The Origins Of Totalitarianism

Author: Hannah Arendt
Editor: Houghton Mifflin Harcourt
ISBN: 9780156701532
File Size: 71,65 MB
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Explores the roots of totalitarianism and its culmination in Nazi Germany and Stalinist Russia
The Origins of Totalitarianism
Language: en
Pages: 520
Authors: Hannah Arendt
Categories: Antisemitism
Type: BOOK - Published: 1968 - Publisher:

Antisemitism -- Imperialism -- Totalitarianism.
Beyond Totalitarianism
Language: en
Pages: 536
Authors: Michael Geyer, Sheila Fitzpatrick
Categories: History
Type: BOOK - Published: 2009 - Publisher: Cambridge University Press

These essays rethink the nature of Stalinism and Nazism and establish a new methodology for viewing their histories that goes well beyond outdated twentieth-century models of totalitarianism, ideology, and personality. They offer a new understanding of the intertwined trajectories of socialism and nationalism in European and global history.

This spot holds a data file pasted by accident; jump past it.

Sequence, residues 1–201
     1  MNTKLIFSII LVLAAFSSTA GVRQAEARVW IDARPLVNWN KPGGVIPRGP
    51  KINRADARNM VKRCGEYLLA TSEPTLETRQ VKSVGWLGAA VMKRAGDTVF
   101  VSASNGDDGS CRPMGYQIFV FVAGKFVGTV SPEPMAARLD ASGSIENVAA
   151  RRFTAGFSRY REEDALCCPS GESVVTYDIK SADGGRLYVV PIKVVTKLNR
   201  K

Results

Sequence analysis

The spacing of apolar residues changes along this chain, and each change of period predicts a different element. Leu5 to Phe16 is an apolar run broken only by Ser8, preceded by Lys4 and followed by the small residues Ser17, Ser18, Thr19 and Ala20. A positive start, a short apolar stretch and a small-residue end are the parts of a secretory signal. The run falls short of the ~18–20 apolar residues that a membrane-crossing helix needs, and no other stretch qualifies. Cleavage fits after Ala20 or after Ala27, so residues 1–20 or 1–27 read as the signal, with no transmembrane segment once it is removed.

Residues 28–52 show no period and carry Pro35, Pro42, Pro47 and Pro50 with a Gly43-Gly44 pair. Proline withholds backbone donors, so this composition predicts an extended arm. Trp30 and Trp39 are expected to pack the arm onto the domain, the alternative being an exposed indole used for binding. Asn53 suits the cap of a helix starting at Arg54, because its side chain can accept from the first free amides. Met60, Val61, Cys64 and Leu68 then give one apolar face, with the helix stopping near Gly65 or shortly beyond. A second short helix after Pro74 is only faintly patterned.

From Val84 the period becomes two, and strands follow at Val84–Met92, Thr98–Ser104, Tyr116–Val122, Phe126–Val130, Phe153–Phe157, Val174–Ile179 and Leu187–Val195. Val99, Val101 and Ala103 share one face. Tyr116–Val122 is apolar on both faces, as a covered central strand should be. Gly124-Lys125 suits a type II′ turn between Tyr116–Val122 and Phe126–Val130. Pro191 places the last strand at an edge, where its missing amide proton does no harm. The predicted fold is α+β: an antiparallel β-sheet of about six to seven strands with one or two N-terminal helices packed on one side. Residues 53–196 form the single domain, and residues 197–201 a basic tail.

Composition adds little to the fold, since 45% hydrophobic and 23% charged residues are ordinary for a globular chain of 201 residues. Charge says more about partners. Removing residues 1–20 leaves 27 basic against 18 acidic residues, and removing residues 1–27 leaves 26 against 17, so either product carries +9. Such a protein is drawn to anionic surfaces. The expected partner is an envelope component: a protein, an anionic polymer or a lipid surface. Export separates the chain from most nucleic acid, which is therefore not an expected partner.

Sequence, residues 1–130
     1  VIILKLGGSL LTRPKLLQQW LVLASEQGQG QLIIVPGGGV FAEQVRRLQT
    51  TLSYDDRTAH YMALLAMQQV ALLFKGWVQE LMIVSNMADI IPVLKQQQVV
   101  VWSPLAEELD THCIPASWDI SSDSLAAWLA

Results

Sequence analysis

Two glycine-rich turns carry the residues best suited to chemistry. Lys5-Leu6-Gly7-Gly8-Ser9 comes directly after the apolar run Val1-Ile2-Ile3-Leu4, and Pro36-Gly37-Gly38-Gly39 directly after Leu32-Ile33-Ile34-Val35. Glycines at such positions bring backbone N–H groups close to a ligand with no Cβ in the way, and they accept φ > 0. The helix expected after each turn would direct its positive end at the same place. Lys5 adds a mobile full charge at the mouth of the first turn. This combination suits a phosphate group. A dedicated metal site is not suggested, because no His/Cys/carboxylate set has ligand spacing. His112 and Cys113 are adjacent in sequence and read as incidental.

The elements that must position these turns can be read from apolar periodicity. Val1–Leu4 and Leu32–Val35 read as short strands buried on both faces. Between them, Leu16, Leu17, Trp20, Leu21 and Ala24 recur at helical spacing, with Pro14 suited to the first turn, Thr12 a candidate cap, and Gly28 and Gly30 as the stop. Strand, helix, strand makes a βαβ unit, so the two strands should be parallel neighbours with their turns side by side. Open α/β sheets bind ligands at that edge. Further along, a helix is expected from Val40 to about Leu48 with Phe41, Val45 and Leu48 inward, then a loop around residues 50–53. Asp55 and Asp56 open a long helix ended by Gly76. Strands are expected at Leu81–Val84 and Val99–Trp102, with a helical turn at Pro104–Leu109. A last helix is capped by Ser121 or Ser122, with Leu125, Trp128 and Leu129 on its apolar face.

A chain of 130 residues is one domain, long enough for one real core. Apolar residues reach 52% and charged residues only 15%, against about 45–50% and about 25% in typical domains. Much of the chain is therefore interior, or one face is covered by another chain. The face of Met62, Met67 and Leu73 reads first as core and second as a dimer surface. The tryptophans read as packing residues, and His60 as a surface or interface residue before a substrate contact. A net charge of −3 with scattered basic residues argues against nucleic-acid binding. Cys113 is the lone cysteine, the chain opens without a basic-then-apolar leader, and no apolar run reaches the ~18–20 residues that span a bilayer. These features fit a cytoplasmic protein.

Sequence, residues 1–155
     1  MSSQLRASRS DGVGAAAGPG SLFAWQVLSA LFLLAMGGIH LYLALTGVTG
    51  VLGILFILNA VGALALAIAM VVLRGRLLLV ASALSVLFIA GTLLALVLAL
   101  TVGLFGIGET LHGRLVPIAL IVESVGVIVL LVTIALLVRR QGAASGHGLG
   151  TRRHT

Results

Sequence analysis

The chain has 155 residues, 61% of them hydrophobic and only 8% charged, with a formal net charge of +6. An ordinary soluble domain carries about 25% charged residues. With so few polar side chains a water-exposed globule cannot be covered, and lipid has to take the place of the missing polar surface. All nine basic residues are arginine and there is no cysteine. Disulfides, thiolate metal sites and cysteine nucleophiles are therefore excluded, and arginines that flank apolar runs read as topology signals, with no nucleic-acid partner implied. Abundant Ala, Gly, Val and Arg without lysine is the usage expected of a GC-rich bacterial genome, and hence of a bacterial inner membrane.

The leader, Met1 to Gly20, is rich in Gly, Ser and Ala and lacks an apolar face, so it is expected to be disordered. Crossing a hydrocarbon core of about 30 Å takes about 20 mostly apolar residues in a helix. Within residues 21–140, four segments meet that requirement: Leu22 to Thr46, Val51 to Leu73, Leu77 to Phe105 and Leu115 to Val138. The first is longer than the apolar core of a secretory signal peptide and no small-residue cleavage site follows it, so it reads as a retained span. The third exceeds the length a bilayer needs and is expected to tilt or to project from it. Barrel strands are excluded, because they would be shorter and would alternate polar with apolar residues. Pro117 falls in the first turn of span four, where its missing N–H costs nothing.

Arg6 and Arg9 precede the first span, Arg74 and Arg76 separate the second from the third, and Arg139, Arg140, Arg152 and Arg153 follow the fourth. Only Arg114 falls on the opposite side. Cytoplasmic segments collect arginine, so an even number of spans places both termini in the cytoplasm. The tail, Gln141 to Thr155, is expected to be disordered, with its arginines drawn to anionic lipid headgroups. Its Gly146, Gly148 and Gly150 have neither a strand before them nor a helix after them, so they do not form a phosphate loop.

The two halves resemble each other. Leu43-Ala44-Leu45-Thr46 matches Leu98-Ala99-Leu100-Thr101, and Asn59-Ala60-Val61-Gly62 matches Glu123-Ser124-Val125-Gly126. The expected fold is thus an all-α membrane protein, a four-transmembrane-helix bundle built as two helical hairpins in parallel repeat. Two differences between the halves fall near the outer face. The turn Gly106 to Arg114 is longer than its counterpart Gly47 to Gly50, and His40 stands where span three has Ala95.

Making Sense of Tyranny
Language: en
Pages: 202
Authors: Simon Tormey
Categories: Totalitarianism.
Type: BOOK - Published: 1995 - Publisher: Manchester University Press

Totalitarianism remains a central concept in political theory, as relevant today as it was in the time of Hitler and Stalin. This book tries to resolve the long-running debates about what totalitarianism is or was, how the term can be applied, and what the future of the concept might be.
Language: en
Pages: 228
Authors: Hannah Arendt
Categories: Political Science
Type: BOOK - Published: 1968-03-20 - Publisher: HMH

The great twentieth-century political philosopher examines how Hitler and Stalin gained and maintained power, and the nature of totalitarian states. In the final volume of her classic work The Origins of Totalitarianism, Hannah Arendt focuses on the two genuine forms of the totalitarian state in modern history: the dictatorships of
Democracy Incorporated
Language: en
Pages: 376
Authors: Sheldon S. Wolin
Categories: Political Science
Type: BOOK - Published: 2017-08-29 - Publisher: Princeton University Press

Democracy is struggling in America--by now this statement is almost cliché. But what if the country is no longer a democracy at all? In Democracy Incorporated, Sheldon Wolin considers the unthinkable: has America unwittingly morphed into a new and strange kind of political hybrid, one where economic and state powers